The following is a home inspection checklist for buyers that you can use along with your home inspector to ensure that everything is in good shape.
Home Inspection Checklist for Buyers: Major Systems
- Appliances. Before buying a home, turn on and test every appliance. Look to see if they are working properly without making noises, giving off unreasonable odors or showing any other signs of failure.
- Heating, ventilation and air conditioning. The home's furnace, air conditioner and water heater all should operate without emitting odors or loud noises. They should also have clean filters and show signs of regular maintenance.
- Electrical system. A licensed electrician can go well beyond the basic tasks on this home inspection checklist for buyers. Still, a visual inspection of the panel and breakers to ensure that they are modern and in good repair with sufficient amps to run all of the appliances and systems is valuable. Testing outlets and fixtures to ensure that they operate properly can also provide an indication of deeper issues.
- Plumbing. As possible, inspect the home's pipes for signs of damage, rust or leaks. When you test fixtures, look for adequate water pressure and temperature. Watch water drains to ensure that the home's sewer capacity is adequate and properly functioning.
- Roof and attic. Even a visual inspection can show signs of damage such as deteriorating or missing shingles, clogged gutters or damaged chimneys. If the home has a flat roof, look for signs of repairs or patches to the membrane. Water damage on the attic's ceiling is a sign of roof leakage. It's also wise to look at the attic's insulation to ensure that it is both ample and undamaged.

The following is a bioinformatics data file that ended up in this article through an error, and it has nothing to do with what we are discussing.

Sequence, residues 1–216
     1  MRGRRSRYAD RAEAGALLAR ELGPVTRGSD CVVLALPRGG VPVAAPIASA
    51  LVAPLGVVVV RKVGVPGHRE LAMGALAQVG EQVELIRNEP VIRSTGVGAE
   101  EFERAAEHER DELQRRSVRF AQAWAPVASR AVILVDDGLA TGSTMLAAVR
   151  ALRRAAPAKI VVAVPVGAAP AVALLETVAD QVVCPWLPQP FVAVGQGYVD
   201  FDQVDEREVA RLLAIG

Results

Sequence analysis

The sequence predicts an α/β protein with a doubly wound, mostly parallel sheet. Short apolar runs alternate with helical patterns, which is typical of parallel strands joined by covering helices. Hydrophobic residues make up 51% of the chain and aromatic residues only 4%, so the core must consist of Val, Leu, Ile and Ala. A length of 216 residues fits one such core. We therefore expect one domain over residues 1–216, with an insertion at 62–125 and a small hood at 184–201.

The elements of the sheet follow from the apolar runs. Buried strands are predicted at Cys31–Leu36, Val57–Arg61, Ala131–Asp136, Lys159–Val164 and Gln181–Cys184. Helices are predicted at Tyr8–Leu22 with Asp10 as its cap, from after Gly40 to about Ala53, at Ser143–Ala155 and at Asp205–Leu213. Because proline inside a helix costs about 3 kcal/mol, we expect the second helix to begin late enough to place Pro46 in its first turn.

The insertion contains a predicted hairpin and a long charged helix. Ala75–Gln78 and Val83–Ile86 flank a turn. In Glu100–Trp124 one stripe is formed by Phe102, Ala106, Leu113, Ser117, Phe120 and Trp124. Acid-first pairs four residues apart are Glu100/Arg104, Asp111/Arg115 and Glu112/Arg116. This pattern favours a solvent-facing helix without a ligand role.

- Exterior walls. A home's exterior should be in good repair with properly painted surfaces and caulk that has no cracks or other damage. In addition, the ground cover should be an appropriate distance from the siding to prevent termite intrusion. Professional termite inspection is also advisable in many regions.
- The home's structure. Even if you aren't a structural engineer, you can still spot if the structure is sagging or has a bow in the center. Windows and doors should be aligned, and the foundation should appear to be in good condition. In earthquake zones, the buildings should be bolted to the foundation.
- Garages and sheds. The principles that apply to the home also apply to connected or outbuildings like garages and storage sheds. Proper foundations, roofs, and sealing against the elements are equally important in these structures.
- The surrounding land. Survey the property to ensure that it gradually slopes away from the home for proper drainage. In addition, look carefully at any paved surfaces since cracks or upheavals could be signs of forces that may have also caused foundation damage.
What have you seen in home inspections? Has an inspection saved you from making an expensive mistake? If so, share your stories below in the Comments section.